Tuberous sclerosis diagnosed by incidental computed tomography findings of multifocal micronodular pneumocyte hyperplasia

A case report

Makoto Ishii, Koichiro Asano, Nobufumi Kamiishi, Yuichiro Hayashi, Daisuke Arai, Mizuha Haraguchi, Hiroaki Sugiura, Katsuhiko Naoki, Sadatomo Tasaka, Kenzo Soejima, Koichi Sayama, Tomoko Betsuyaku

Research output: Contribution to journalArticle

2 Citations (Scopus)

Abstract

Introduction. The majority of multifocal micronodular pneumocyte hyperplasia associated with tuberous sclerosis complex is diagnosed with the classical clinical triad of seizures, mental retardation, and skin lesions. We report a rare case of tuberous sclerosis complex with no classical clinical findings, which was diagnosed through incidental computed tomography findings of multiple nodular lesions of multifocal micronodular pneumocyte hyperplasia. Case presentation. A chest computed tomography scan of a 51-year-old Japanese woman showed multiple nodular ground-glass opacities that were not seen on chest X-ray. Video-assisted thoracoscopic surgery was performed. A histological examination demonstrated type II pneumocyte hyperplasia with thickened fibrotic alveolar septa, which was consistent with multifocal micronodular pneumocyte hyperplasia. Brain magnetic resonance imaging displayed multiple cortical tubers, and abdominal computed tomography showed bilateral renal angiomyolipoma. Our patient was finally diagnosed as having tuberous sclerosis complex with multifocal micronodular pneumocyte hyperplasia, although she had no episodes of epilepsy, no skin lesions, and no family history. Conclusions: Multifocal micronodular pneumocyte hyperplasia with latent tuberous sclerosis complex should be considered in the differential diagnosis of multiple ground-glass opacities.

Original languageEnglish
Article number352
JournalJournal of Medical Case Reports
Volume6
DOIs
Publication statusPublished - 2012

Fingerprint

Alveolar Epithelial Cells
Tuberous Sclerosis
Hyperplasia
Tomography
Glass
Thorax
Angiomyolipoma
Video-Assisted Thoracic Surgery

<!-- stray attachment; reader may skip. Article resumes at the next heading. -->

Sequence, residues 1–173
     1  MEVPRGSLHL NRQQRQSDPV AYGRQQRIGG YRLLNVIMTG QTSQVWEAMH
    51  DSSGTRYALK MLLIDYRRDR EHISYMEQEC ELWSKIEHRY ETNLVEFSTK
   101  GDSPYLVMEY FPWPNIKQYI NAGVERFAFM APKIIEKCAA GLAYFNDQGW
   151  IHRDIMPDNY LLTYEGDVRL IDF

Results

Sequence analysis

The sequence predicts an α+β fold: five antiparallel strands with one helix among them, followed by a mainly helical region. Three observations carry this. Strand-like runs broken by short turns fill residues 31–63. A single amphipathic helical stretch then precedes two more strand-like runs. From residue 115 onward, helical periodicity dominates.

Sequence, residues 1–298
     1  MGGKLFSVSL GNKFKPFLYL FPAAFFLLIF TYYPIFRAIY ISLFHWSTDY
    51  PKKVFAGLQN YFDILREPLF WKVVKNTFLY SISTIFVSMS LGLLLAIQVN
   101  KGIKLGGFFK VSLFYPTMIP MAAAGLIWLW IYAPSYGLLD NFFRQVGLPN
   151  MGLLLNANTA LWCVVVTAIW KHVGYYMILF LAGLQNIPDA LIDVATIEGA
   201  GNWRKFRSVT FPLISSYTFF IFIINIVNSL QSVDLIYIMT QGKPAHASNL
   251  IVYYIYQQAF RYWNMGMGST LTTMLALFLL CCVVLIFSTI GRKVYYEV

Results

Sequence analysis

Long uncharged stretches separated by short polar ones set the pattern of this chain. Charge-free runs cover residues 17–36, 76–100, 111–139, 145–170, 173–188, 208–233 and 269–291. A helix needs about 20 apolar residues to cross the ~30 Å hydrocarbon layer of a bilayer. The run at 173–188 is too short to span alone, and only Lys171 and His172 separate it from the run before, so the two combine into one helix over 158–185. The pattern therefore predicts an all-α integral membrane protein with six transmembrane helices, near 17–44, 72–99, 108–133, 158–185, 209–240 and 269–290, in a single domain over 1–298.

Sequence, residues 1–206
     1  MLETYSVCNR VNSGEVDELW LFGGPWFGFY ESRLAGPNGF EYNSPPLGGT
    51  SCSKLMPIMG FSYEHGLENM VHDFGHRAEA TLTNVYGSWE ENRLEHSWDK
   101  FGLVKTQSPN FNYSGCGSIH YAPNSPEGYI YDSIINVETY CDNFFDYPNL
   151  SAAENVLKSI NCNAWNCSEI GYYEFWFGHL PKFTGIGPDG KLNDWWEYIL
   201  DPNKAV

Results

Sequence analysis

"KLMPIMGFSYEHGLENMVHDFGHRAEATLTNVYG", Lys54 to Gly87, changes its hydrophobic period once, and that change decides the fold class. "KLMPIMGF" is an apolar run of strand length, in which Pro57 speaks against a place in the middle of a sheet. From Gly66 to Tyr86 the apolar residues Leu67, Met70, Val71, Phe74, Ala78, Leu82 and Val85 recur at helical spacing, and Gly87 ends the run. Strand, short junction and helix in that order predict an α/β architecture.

Skin
Intellectual Disability
Epilepsy
Seizures
Differential Diagnosis
Magnetic Resonance Imaging
X-Rays
Kidney
Brain

Keywords

  • Computed tomography (CT)
  • Multifocal micronodular pneumocyte hyperplasia (MMPH)
  • Tuberous sclerosis.

ASJC Scopus subject areas

  • Medicine(all)

Cite this

Tuberous sclerosis diagnosed by incidental computed tomography findings of multifocal micronodular pneumocyte hyperplasia : A case report. / Ishii, Makoto; Asano, Koichiro; Kamiishi, Nobufumi; Hayashi, Yuichiro; Arai, Daisuke; Haraguchi, Mizuha; Sugiura, Hiroaki; Naoki, Katsuhiko; Tasaka, Sadatomo; Soejima, Kenzo; Sayama, Koichi; Betsuyaku, Tomoko.

In: Journal of Medical Case Reports, Vol. 6, 352, 2012.

Research output: Contribution to journalArticle

Ishii, Makoto ; Asano, Koichiro ; Kamiishi, Nobufumi ; Hayashi, Yuichiro ; Arai, Daisuke ; Haraguchi, Mizuha ; Sugiura, Hiroaki ; Naoki, Katsuhiko ; Tasaka, Sadatomo ; Soejima, Kenzo ; Sayama, Koichi ; Betsuyaku, Tomoko. / Tuberous sclerosis diagnosed by incidental computed tomography findings of multifocal micronodular pneumocyte hyperplasia : A case report. In: Journal of Medical Case Reports. 2012 ; Vol. 6.
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abstract = "Introduction. The majority of multifocal micronodular pneumocyte hyperplasia associated with tuberous sclerosis complex is diagnosed with the classical clinical triad of seizures, mental retardation, and skin lesions. We report a rare case of tuberous sclerosis complex with no classical clinical findings, which was diagnosed through incidental computed tomography findings of multiple nodular lesions of multifocal micronodular pneumocyte hyperplasia. Case presentation. A chest computed tomography scan of a 51-year-old Japanese woman showed multiple nodular ground-glass opacities that were not seen on chest X-ray. Video-assisted thoracoscopic surgery was performed. A histological examination demonstrated type II pneumocyte hyperplasia with thickened fibrotic alveolar septa, which was consistent with multifocal micronodular pneumocyte hyperplasia. Brain magnetic resonance imaging displayed multiple cortical tubers, and abdominal computed tomography showed bilateral renal angiomyolipoma. Our patient was finally diagnosed as having tuberous sclerosis complex with multifocal micronodular pneumocyte hyperplasia, although she had no episodes of epilepsy, no skin lesions, and no family history. Conclusions: Multifocal micronodular pneumocyte hyperplasia with latent tuberous sclerosis complex should be considered in the differential diagnosis of multiple ground-glass opacities.",
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